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Iran building backup nuke plant in Americas?

Posted By -NO AUTHOR- On 09/19/2009 @ 7:00 pm In Front Page | Comments Disabled

Editor’s Note: The following report is excerpted from Joseph Farah’s G2 Bulletin, the premium online newsletter published by the founder of WND. Subscriptions are $99 a year or, for monthly trials, just $9.95 per month for credit card users, and provide instant access for the complete reports.


Hugo Chavez

Iran may consider a proposal from Venezuelan President Hugo Chavez to build a backup “nuclear village” in his nation to produce nuclear energy and also to have a safe fall-back production capability in case there is an attack by Israel or the United States on nuclear facilities in Iran, according to a report from Joseph Farah’s G2 Bulletin.

Chavez, in a visit last week to Iran, proposed to Iranian President Mahmoud Ahmadinejad the idea of building a project in Venezuela.

Security sources have confirmed such a “nuclear village” could become the Iranian nuclear production alternative, or a location to hide especially critical nuclear components from attack.

With the United Nations about ready to take up the issue of sanctions against Iran over its nuclear enrichment efforts, such a prospect of attack, particularly from Israel, is increasingly likely. Israeli officials have stated on numerous occasions that a nuclear Iran would threaten Israel’s existence.

While the U.N. is expected to consider proposals for sanctions on Iran, there is an expectation that Russia and China will reject further sanctions. If that happens, security experts believe that Israel then could declare diplomacy a failure, opening the way for its long-intimated attack on Iran’s nuclear facilities.

The issue of nuclear cooperation between Iran and Venezuela arose in the context of military and security cooperation agreements reached between their two leaders.

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France was quick to object to any nuclear cooperation, saying that it would violate various United Nations resolutions, including U.N. Security Council Resolution 1737. That resolution calls for all U.N. members to refrain from the direct or indirect purchase of nuclear-related technology from Iran.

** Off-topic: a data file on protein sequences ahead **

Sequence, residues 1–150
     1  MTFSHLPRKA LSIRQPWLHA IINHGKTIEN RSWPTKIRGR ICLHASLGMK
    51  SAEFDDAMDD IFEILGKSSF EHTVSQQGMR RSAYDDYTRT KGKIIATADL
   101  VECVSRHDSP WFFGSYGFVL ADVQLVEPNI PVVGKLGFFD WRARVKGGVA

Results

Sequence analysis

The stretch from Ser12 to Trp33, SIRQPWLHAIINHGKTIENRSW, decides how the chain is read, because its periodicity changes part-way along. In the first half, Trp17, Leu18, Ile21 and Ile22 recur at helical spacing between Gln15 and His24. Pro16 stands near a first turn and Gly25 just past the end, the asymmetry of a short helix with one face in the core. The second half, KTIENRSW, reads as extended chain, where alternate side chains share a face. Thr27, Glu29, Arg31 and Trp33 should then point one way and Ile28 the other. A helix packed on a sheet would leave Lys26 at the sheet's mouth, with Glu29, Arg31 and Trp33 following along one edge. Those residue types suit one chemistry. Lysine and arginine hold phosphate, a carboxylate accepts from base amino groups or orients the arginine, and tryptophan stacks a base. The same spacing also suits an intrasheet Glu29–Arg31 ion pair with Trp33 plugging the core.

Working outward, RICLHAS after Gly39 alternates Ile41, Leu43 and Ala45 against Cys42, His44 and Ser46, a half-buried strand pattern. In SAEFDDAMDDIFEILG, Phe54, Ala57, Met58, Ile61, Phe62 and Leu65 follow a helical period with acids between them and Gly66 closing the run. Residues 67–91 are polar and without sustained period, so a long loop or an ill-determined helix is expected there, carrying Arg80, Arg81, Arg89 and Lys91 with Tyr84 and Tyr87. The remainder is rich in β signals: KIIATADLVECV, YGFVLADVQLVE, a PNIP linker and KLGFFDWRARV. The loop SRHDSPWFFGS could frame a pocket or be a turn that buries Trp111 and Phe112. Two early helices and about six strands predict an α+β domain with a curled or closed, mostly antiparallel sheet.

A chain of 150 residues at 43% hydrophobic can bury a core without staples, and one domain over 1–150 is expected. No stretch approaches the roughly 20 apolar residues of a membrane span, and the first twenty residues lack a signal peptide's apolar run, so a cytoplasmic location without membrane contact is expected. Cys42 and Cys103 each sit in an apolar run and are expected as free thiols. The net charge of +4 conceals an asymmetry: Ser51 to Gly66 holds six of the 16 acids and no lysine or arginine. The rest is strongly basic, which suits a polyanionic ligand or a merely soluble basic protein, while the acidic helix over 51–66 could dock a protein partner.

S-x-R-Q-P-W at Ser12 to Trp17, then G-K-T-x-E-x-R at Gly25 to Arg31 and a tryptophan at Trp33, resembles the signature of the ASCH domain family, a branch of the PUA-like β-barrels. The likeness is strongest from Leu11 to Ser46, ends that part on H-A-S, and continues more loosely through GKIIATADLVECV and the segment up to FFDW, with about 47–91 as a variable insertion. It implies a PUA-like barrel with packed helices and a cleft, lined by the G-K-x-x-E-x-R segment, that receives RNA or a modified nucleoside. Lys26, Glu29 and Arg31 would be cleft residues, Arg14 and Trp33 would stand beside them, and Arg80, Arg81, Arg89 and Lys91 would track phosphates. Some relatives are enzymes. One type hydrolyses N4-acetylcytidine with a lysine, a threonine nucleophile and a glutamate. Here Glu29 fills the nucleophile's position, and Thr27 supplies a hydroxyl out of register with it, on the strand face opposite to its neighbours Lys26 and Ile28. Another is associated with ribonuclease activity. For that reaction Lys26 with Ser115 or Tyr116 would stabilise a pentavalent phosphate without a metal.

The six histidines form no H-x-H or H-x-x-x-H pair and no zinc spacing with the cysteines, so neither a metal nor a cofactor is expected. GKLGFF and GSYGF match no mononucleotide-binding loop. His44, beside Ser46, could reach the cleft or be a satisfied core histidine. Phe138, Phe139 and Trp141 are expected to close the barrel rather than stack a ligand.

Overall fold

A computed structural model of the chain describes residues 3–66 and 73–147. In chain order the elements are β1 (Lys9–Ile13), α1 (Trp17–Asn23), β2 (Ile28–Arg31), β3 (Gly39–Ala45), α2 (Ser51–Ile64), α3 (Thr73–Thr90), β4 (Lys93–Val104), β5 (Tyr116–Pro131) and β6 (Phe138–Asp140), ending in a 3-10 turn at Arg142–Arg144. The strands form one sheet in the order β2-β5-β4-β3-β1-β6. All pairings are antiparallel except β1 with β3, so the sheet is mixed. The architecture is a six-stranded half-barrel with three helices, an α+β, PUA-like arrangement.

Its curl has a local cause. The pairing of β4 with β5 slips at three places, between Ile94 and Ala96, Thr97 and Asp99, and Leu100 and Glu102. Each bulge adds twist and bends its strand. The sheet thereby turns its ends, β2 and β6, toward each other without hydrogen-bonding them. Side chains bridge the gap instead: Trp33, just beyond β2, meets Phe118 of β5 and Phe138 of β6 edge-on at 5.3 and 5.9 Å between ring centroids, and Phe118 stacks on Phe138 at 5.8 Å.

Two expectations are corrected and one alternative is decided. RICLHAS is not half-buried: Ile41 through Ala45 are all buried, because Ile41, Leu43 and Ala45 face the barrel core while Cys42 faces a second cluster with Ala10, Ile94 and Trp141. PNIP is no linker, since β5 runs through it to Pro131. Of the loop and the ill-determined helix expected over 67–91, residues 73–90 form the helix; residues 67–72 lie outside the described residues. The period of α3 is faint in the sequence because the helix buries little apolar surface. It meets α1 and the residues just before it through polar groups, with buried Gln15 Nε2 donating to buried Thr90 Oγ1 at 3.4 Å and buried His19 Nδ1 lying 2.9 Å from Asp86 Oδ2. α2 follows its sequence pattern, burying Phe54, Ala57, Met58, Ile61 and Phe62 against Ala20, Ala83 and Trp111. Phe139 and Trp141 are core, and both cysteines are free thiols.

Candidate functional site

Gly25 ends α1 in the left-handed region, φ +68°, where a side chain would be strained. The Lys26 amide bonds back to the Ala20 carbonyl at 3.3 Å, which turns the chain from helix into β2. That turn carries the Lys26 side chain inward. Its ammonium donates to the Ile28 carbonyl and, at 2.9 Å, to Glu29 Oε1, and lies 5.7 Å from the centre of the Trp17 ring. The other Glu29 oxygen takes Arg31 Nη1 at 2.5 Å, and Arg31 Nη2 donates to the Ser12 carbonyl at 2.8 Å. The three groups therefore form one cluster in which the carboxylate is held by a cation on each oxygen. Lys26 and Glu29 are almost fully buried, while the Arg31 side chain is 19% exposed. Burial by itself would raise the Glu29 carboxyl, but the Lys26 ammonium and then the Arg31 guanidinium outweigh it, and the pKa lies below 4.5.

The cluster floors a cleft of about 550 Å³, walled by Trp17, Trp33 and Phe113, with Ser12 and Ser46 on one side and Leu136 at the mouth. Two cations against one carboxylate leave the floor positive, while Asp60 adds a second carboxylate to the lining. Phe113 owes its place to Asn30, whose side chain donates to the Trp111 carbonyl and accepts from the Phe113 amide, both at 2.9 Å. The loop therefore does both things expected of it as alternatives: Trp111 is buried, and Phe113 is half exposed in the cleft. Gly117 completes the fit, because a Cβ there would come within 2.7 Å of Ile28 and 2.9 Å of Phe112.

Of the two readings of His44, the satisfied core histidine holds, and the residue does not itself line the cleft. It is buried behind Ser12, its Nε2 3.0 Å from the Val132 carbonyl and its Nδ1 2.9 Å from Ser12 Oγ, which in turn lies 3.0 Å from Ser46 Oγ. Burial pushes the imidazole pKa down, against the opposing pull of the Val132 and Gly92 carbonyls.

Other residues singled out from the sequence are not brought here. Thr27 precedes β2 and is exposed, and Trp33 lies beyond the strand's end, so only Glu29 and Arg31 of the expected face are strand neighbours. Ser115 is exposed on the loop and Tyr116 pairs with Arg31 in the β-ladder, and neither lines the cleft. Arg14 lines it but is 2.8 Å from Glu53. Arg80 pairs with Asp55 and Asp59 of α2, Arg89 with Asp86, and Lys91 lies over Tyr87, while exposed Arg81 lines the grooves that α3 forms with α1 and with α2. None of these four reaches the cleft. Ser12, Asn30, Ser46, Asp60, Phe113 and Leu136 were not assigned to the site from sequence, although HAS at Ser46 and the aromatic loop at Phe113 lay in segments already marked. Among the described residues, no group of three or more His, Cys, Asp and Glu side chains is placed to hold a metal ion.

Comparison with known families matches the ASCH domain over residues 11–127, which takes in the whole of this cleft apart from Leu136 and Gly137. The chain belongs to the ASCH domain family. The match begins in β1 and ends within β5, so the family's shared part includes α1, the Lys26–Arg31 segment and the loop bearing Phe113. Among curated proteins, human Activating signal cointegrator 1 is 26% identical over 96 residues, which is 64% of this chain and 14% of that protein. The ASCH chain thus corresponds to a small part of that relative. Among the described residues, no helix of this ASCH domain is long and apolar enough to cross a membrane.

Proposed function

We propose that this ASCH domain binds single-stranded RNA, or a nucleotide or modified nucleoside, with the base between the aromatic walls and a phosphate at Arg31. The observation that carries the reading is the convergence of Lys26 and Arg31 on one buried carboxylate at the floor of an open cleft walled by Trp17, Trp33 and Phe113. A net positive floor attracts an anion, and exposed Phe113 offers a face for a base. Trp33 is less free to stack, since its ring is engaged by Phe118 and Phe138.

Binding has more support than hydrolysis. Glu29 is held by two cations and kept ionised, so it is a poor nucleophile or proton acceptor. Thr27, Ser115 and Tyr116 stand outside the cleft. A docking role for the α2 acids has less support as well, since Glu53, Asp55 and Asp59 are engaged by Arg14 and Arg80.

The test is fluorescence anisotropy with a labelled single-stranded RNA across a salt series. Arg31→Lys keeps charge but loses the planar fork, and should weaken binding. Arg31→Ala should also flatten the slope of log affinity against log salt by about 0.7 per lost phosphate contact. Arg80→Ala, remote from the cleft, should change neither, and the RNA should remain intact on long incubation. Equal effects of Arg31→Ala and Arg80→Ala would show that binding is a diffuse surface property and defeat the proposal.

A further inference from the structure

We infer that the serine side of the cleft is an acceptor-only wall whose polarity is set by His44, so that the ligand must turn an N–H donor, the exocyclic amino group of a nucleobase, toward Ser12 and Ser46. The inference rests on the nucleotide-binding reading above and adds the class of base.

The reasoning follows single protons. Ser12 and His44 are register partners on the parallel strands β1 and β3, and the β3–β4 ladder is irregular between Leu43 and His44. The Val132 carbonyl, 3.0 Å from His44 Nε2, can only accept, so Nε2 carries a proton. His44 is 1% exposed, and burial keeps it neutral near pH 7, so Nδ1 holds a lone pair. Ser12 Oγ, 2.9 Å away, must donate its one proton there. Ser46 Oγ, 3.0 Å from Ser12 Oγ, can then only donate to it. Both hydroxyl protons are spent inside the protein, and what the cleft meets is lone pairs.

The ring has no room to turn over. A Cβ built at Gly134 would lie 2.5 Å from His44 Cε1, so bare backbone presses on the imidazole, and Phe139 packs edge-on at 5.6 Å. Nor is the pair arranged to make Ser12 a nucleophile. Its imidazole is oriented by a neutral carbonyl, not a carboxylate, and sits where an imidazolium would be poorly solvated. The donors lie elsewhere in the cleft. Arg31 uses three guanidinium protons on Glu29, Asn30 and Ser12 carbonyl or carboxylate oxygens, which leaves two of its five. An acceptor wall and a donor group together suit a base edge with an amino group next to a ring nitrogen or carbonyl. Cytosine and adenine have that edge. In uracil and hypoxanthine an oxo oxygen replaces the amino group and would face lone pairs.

Iran and Venezuela are signatories to the Nuclear Non-Proliferation Treaty, or NPT, and their legislatures have ratified it, compelling their compliance. At the same time, it allows them to undertake a peaceful nuclear development program.

The purpose of the NPT is to allow for the promotion of cooperation in the peaceful uses of nuclear energy while trying to prevent nuclear weapons proliferation. The NPT is the only binding commitment in a multilateral treaty to disarmament by nuclear countries.

To date, some 187 countries are signatories to the NPT. It offers a safeguard system under the International Atomic Energy Agency, or IAEA, to verify treaty compliance through inspections. At the same time, it promotes equal access to nuclear technology.

Security experts believe, however, that efforts to insure effective Iranian compliance with the NPT or the U.N. resolutions would be difficult given the need for policing and investigation, something which most countries are not equipped to undertake and may not have the political will to do.

Iranian interest in nuclear cooperation with Venezuela has come up in the past. In 2006, Ahmadinejad and Chavez voiced the need for similar cooperation. At the time, Iranian parliament speaker Gholam-Ali Haddad-Adel said that Iran would study the possibility.

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